And Dean. Dean won't talk, although he watches Sam the same way Sam watches him.

Sam wants to write the Reverend Castiel off as a showman, a carnival shyster on the lam with a good line in baloney, but the community's real. There's no other place Sam knows where Annie and Liu could live in peace, where no-one bats an eye if Felicia and Mame share both a cabin and a bed, where the casual insults of the street are never heard. Folk depend on this community, need it, and slowly, reluctantly, Sam's as much part of it now as his brother. He fixes up the blackboard for the school, talks the elders into laying out the baseball diamond, and before long it's him and Dean looking at the fields and deciding what needs to be done, although Joshua's no more than a step away and Katherine's mouth is tight.

But the San Francisco community has vanished. The supplies due in March have not arrived. Messages still come for the Reverend alone, brought by Joshua who takes the one working truck down to Madera once a fortnight, but no grain. No flour, no beans, no fresh food: no dollars. Dean's eyes turn all too often to the gap in the trees where the track goes up to the pass, and Sam notes in his diary, 'May 18th. Out of coffee.' 'May 21st. Killed two of the piglets.' It's too early in the year to be killing stock. Sam says, uncomfortable, knowing that the deer still have young at foot, "We could hunt."

Dean says, "It's not that bad yet." But he's thinner, the lines at the corners of his eyes deeper.

Sam thinks he's begun to understand what holds Dean here, the responsibility Dean's taken on for this small group of people, although Dean won't talk about exactly what he's doing. It's been weeks. Sam begins to forget that he has a life outside Paradise, a job, an employer. His diary becomes something personal, although he still tucks the notebook into his belt and writes only when he's alone. There are days when he almost forgets why he came to Paradise. In the evenings, slowly, he inches closer to Dean, feeling his way, offering the tag-ends of stories and familiar pastimes, afraid to push for more, needing Dean's smile and his attention so badly he aches with the want. They're nearly the same age, they could be friends, and finally Joshua begins to leave them alone and Elder Edwards has stopped ostentatiously reading his bible at the next table. Sam tells Dean about Stanford, about the San Francisco they both know, about Chicago and Detroit. Hesitating, slowly, Dean tells Sam stories he doesn't know, until Sam can almost taste the smell of a Chicago stockyard or know how it feels to split open a fresh pack of cards on a Mississippi steamboat.

They never talk about Minnesota. It's a fragile, fractured thing, Sam and Dean talking.

Sam says, low, "Tired?"

"Nah," Dean says, although he's lying. Even his voice drags on the words.

It's almost dark, and for once none of their watchdogs are nearby. Dean smells of soil and stagnant water, because it's been raining on and off for the past couple of days and one of the pipes to the water tanks has burst. It's not just the endless fieldwork Dean carries. He's been running patrol for the last few nights, the rounds the older men take around the community at night, although for all the rhetoric about enemies Sam's yet to hear a viable threat.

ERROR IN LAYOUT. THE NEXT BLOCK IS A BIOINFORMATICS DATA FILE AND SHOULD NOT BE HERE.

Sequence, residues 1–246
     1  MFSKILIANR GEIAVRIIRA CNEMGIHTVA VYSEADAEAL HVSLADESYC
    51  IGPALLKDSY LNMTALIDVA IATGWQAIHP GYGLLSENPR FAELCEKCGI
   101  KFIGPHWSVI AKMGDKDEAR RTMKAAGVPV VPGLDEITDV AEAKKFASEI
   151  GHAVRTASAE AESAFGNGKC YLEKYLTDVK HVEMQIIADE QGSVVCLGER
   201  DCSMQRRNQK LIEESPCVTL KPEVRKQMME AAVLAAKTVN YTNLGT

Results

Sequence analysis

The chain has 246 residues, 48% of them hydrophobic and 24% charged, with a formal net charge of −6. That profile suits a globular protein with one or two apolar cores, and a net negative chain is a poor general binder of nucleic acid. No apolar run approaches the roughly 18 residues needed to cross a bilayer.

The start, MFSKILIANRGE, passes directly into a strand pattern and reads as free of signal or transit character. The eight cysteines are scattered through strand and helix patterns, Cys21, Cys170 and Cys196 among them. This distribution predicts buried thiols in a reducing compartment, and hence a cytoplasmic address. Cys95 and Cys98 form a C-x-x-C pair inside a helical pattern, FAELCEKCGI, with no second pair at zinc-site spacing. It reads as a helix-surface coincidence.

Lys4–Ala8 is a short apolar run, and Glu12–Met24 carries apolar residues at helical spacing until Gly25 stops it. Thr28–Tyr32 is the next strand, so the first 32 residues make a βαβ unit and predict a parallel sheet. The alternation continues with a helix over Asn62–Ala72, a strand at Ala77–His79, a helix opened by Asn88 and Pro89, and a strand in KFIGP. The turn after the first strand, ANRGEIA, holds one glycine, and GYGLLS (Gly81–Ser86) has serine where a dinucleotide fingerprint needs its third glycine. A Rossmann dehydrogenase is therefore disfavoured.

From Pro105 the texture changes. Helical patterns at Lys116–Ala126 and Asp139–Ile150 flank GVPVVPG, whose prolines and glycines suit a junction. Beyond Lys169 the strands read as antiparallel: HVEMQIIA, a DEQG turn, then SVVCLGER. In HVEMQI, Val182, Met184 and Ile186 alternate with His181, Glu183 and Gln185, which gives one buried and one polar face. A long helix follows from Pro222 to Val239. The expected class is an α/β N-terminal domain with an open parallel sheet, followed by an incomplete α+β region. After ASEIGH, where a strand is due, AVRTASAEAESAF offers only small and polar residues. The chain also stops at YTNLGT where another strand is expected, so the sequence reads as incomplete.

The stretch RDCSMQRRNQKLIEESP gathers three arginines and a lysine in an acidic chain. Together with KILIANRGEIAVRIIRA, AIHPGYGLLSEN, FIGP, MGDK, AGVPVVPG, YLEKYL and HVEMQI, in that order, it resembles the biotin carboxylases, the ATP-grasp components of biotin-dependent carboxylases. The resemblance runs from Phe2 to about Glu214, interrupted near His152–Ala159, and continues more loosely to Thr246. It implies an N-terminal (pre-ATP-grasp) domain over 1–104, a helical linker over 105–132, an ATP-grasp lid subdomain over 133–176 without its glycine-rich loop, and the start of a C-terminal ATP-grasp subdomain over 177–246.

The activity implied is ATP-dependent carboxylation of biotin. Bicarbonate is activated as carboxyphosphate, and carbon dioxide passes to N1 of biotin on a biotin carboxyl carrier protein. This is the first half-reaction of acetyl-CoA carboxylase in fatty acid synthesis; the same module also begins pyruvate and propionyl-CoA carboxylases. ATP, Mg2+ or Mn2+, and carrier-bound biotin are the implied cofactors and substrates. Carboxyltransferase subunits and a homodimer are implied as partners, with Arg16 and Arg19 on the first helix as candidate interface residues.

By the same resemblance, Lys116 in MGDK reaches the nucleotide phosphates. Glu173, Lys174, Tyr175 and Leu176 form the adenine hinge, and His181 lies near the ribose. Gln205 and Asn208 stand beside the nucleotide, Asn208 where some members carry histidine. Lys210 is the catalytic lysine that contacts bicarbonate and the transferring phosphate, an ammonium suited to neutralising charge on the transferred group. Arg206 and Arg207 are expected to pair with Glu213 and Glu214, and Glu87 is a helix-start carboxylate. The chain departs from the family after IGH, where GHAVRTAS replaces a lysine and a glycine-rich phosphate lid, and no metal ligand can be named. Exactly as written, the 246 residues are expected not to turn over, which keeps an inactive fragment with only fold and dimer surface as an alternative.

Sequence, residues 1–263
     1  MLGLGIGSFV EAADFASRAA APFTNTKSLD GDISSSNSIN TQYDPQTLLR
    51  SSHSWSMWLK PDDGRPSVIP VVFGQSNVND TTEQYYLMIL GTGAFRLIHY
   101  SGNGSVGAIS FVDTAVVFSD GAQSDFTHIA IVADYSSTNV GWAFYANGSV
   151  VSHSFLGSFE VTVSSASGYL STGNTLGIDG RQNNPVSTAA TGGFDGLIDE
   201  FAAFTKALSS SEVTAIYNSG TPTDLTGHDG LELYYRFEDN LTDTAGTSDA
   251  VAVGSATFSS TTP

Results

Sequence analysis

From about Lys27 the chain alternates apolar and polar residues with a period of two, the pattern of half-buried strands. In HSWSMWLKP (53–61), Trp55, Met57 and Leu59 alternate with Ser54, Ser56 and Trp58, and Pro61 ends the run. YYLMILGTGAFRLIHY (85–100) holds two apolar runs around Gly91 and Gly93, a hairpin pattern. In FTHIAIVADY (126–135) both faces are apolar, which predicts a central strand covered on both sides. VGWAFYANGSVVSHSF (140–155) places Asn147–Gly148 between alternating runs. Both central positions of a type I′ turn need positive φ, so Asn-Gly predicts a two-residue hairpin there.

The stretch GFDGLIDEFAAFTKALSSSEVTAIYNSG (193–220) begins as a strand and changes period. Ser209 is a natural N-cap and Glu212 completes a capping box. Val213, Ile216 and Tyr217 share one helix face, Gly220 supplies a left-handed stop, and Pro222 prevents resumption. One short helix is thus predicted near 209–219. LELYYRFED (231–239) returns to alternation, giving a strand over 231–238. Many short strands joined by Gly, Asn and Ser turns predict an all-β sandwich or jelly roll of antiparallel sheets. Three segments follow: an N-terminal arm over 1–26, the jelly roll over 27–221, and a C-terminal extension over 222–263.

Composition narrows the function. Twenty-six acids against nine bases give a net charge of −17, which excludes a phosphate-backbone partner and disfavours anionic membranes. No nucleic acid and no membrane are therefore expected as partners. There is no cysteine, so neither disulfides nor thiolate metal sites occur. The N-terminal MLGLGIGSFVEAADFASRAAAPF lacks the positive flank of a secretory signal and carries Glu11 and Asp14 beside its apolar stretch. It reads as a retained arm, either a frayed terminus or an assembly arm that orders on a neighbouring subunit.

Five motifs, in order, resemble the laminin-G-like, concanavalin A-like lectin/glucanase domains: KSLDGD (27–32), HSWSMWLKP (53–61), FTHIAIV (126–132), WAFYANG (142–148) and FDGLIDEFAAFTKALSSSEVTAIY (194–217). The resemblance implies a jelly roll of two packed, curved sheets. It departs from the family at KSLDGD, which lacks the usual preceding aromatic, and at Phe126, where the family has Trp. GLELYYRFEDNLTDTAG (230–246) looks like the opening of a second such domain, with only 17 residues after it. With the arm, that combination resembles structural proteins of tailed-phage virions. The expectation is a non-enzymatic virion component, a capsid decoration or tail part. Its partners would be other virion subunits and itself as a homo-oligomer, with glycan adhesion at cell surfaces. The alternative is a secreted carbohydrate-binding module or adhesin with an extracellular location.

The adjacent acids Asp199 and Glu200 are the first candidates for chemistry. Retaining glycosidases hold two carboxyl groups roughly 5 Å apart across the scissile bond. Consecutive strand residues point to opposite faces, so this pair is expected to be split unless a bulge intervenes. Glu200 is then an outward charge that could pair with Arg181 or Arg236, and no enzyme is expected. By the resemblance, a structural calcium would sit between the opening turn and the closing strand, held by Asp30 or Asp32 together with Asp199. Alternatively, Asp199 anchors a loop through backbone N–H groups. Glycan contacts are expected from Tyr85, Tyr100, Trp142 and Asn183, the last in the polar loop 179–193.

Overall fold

Dean's head rests on his folded arms, and there's a tidemark of dust and dried sweat across the nape of his neck. Sam could reach out and run his thumb over that mark, smooth it away. He almost does. He thinks about asking, second guesses himself, and when his hand twitches Dean sighs, almost silent, into his own crooked arms.

Sam says, "Dean -"

"Dean! Sam! Meeting!" someone shouts below them.

"It's Thursday," Sam says.

Dean's already standing. "C'mon," he says.

He gives Sam a hand up without even thinking about it, although Sam feels each finger clear as a bruise.

It's almost dark, but the lanterns are burning in the church windows and they're not the only ones called late. Annie's still brushing flour from her hands and Harry's tripping over his bootlaces, trying to fasten one boot while the other's flopping off his foot.

"What is it?"

"Don't know."

They're almost the last to arrive. Only a few seats on the benches are free: Dean opts to stand as he often does, and Sam leans back against the wall beside him, shoulder to shoulder, the first time he thinks Dean will let him. People are concerned, turning around to talk to each other, turning back to look at the door through which the Reverend Castiel will come. Elder Edwards is standing in front of the altar, but he's shaking his head, equally confused, and his pleas for "Quiet! Quiet, please!" are ignored. It's late enough for some of the children to have been roused from sleep, and one of the babies is crying, little gasping, crotchety sobs.

"Has this ever happened before?" Sam asks Dean, quietly.